Canada wraps up Games with dramatic 3-2 hockey win over US

A raucous celebration began across Canada on Sunday after Sidney Crosby scored the winning goal in overtime to give his hockey-mad homeland a 3-2 victory over the United States in the Olympic final.


REUTERS - Canada beat the United States in an extraordinary men's ice hockey final on Sunday to capture a record 14th gold medal and end the Vancouver Winter Olympics on top of the world.

Sidney Crosby scored in overtime as the Canadians avenged their loss to America in the preliminary rounds by winning the final 3-2, triggering wild celebrations across the country in the last event before the closing ceremony.

Canada were already assured of finishing top of the medal standings for the first time at either a Winter or Summer Olympics but beating the U.S. was the perfect ending for the hockey-crazy host nation.

"To win it in overtime, to win it in Canada, (it is a) dream come true," Canada head coach Mike Babcock said.

The victory set a new record for golds won at a single Winter Games, surpassing the previous mark of 13 jointly held by the Soviet Union (Innsbruck, 1976) and Norway (Salt Lake City, 2002).

The U.S. also set a record for the most overall medals at a single Winter Olympics, finishing with 37, one more than Germany in 2002, but that was of little consolation to the hockey team.

"It's the biggest game any of us has ever been in and it's devastating," American defenseman Jack Johnson said. "We were one goal away from winning a gold medal."

Norway's Petter Northug earlier won the men's 50km cross country ski race at Whistler after the closest ever finish to the lung-bursting event.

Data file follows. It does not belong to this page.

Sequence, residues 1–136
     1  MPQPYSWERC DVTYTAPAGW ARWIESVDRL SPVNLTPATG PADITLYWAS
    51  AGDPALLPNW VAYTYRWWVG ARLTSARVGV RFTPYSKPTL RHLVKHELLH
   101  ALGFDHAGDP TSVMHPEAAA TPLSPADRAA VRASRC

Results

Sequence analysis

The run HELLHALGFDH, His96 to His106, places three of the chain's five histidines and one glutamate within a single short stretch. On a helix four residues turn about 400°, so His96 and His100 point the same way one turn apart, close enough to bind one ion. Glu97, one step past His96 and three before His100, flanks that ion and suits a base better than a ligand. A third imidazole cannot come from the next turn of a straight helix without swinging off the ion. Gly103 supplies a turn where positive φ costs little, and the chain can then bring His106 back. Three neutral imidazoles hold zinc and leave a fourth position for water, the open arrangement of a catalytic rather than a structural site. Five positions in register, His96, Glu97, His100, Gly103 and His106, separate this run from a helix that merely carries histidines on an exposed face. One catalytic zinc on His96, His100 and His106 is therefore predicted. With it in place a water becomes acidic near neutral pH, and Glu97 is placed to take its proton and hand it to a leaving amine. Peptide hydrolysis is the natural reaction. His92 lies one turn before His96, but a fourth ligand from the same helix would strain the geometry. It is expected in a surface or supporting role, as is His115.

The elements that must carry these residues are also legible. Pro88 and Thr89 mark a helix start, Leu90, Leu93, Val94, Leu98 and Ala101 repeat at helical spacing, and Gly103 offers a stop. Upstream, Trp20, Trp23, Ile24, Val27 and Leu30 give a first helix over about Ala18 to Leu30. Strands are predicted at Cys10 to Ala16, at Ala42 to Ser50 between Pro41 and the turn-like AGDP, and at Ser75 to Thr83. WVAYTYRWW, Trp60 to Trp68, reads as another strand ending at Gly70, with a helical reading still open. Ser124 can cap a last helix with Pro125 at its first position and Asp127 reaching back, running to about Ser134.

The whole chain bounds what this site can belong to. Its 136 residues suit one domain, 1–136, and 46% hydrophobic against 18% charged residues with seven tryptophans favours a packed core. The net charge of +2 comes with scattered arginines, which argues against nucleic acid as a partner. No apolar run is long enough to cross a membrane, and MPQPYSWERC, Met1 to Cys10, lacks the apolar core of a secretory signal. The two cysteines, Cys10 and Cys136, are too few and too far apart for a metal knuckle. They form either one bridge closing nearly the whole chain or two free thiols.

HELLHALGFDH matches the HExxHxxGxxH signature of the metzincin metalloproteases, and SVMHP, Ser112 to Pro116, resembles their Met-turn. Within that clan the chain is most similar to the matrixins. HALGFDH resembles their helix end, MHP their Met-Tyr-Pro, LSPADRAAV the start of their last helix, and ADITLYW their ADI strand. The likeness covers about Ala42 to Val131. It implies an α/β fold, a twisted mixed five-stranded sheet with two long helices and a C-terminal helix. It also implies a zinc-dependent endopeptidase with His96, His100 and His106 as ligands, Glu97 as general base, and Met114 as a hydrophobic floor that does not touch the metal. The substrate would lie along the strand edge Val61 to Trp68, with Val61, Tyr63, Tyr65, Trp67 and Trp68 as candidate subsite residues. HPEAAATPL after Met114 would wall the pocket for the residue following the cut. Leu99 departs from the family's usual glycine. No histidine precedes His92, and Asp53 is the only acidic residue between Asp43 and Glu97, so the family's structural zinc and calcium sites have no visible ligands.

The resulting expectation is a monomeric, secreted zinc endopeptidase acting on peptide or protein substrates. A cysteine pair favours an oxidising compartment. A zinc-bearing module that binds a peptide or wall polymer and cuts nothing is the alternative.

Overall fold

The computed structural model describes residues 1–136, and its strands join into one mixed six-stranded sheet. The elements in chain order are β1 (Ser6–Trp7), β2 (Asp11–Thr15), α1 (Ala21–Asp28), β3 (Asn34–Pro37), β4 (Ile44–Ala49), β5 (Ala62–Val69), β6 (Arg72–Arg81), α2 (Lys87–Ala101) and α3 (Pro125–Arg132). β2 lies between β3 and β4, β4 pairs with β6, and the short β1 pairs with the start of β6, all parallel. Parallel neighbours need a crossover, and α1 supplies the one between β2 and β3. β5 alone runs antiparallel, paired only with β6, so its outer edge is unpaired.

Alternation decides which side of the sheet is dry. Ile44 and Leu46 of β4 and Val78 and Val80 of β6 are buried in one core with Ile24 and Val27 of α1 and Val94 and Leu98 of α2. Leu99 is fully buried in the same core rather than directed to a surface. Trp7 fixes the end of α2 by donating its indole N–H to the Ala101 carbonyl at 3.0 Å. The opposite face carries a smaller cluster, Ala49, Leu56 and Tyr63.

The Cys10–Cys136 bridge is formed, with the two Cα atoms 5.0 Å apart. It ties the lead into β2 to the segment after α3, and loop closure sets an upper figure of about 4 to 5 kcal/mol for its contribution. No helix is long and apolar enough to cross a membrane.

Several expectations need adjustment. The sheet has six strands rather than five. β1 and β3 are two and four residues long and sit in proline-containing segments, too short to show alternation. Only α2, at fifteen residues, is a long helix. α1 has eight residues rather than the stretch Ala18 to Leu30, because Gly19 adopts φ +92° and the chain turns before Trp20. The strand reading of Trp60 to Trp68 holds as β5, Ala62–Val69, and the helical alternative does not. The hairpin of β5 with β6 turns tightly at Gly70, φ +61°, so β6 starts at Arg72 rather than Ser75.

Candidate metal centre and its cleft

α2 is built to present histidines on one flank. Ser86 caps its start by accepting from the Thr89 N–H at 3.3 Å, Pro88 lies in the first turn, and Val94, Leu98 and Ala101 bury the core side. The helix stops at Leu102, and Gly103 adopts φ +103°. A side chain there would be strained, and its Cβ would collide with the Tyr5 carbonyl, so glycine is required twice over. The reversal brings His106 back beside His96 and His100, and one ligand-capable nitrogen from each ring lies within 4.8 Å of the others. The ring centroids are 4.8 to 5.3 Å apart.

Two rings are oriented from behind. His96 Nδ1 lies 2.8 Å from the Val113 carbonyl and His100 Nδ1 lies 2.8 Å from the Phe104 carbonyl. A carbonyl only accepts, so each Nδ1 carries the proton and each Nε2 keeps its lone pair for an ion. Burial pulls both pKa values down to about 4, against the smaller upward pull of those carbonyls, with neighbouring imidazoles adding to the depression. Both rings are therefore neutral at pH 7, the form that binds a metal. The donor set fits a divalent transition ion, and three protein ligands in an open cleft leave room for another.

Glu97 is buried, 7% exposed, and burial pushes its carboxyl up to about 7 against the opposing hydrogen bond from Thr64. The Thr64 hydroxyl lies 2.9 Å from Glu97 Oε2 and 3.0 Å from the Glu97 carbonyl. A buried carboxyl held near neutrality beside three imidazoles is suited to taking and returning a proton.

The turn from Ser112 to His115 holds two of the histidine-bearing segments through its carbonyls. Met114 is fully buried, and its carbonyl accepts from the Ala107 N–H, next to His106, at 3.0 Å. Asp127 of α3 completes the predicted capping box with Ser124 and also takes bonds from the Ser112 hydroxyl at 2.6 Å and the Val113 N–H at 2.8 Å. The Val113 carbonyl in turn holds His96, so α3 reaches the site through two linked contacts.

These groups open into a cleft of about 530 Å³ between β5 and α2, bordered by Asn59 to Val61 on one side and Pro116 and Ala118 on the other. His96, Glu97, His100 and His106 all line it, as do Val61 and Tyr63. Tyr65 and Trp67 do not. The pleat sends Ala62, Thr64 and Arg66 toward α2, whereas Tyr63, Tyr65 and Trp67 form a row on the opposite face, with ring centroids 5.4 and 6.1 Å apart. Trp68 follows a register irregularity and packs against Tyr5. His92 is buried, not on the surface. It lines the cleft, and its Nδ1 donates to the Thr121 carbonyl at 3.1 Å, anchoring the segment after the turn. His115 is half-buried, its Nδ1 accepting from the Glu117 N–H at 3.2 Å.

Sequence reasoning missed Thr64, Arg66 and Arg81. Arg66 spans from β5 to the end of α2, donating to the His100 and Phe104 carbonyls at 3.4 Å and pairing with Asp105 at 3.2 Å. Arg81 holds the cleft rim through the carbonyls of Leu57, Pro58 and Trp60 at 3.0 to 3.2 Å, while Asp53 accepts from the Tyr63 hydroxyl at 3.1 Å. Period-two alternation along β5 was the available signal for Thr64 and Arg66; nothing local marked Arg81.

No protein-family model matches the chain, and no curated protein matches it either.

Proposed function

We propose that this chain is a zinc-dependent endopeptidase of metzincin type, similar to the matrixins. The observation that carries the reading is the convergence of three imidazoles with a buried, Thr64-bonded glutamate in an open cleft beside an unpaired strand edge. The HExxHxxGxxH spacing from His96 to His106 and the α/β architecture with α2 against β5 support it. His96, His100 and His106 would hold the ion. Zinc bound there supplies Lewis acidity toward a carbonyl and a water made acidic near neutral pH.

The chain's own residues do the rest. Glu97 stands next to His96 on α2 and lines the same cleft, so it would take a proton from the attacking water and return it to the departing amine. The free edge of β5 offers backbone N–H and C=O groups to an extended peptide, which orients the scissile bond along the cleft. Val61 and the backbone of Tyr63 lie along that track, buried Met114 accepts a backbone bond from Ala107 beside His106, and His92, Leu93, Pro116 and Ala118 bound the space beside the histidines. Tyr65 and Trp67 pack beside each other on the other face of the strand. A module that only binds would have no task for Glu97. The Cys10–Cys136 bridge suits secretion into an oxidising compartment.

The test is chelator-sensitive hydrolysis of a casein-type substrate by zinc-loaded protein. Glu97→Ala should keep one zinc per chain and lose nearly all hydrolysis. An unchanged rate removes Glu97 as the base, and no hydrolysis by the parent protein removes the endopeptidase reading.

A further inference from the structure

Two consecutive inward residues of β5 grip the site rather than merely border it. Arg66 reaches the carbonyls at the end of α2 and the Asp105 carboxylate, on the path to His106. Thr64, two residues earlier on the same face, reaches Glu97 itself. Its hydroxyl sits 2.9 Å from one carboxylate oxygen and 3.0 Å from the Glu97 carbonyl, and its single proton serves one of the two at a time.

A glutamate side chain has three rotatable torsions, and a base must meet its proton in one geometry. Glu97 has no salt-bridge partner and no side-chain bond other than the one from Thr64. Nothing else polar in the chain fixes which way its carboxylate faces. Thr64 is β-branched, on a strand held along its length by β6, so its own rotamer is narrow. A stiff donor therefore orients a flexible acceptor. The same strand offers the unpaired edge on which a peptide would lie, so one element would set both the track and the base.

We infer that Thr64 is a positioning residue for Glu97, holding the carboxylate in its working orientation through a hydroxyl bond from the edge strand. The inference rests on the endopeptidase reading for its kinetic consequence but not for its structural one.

Northug sneaked past Germany's Axel Teichmann right at the finish line to win the gold by just 0.3 seconds with Sweden's Johan Olsson taking the bronze.

Lasting memory

The drama of the final day provided an incredible lasting memory for a Games that began in tragic circumstances with the death of Georgian luger Nodar Kumaritashvili.

"Vancouver had extraordinary embrace, something I have never seen on this scale again," said the International Olympic Committee President Jacques Rogge, who presented the medals to the Canadian and American hockey teams.

Canada looked to have the final under control when they opened up a 2-0 lead midway through the second period after goals from forwards Jonathan Toews and Corey Perry.

The U.S. pulled one back through Ryan Kesler in the second period and tied the scores when Zach Parise found the net 24 seconds from the end of regulation.

But with both teams launching waves of attacks in overtime, Crosby suddenly found himself in space and calmly slipped the puck past Ryan Miller to decide the gold medal.

"You dream of that scenario. You dream of that opportunity," Crosby said.

"You never know if you get to this point if you will get that chance again, so it's an incredible experience."

Country erupted

The match had captured the imagination of the whole of North America with U.S. President Barack Obama and Canada Prime Minister Stephen Harper even betting a case of beer on the outcome.

Downtown Vancouver was transformed into a sea of red and white maple leafs as thousands of people flooded into the central business district in preparation for the most eagerly awaited match of the Games.

Every restaurant and bar was packed to overflowing after patrons queued for more than four hours to get the best seats and local television broadcast pictures of American and Canadian troops in Afghanistan watching the game.

"It's our game, we invented it and we're going to win the gold," said Gordy Ford, a fan from Ontario.

Canada's fairytale ending to the Games was in stark contrast to the dark mood of just a week ago when they were languishing on four gold medals and the public were demanding an investigation into their failure to win more.

But Canadians won 10 gold medals in the last seven days of competition to soar past their rivals and turn the Games into their own winter wonderland.

"Canadian athletes came to these games not with a swagger, but with a confidence that they could do what they were setting out to do," said Michael Chambers, head of the Canadian Olympic Committee.

"I truly believe that what they have done over the course of these past two weeks have inspired an entire nation to believe in ourselves."

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